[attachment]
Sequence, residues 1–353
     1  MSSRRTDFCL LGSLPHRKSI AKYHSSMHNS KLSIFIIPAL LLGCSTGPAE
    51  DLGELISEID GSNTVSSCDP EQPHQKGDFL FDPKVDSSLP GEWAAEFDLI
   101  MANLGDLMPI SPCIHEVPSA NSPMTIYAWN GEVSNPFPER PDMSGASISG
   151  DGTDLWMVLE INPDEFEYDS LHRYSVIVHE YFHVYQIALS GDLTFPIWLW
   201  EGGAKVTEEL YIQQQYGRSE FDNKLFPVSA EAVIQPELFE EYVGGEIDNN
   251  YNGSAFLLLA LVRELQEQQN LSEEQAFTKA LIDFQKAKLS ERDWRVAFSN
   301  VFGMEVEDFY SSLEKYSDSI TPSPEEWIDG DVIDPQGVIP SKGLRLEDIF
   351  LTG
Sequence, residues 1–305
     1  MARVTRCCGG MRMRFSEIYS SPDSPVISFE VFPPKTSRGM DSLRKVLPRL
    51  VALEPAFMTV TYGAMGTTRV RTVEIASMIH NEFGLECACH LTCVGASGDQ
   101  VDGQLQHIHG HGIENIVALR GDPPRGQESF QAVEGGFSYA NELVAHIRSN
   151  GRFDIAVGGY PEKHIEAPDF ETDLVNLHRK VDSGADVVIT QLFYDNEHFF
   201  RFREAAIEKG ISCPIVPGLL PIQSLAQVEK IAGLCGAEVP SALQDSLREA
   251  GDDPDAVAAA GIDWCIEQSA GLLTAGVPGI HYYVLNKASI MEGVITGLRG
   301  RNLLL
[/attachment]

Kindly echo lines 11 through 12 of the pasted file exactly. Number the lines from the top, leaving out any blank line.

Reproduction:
     1  MARVTRCCGG MRMRFSEIYS SPDSPVISFE VFPPKTSRGM DSLRKVLPRL
    51  VALEPAFMTV TYGAMGTTRV RTVEIASMIH NEFGLECACH LTCVGASGDQ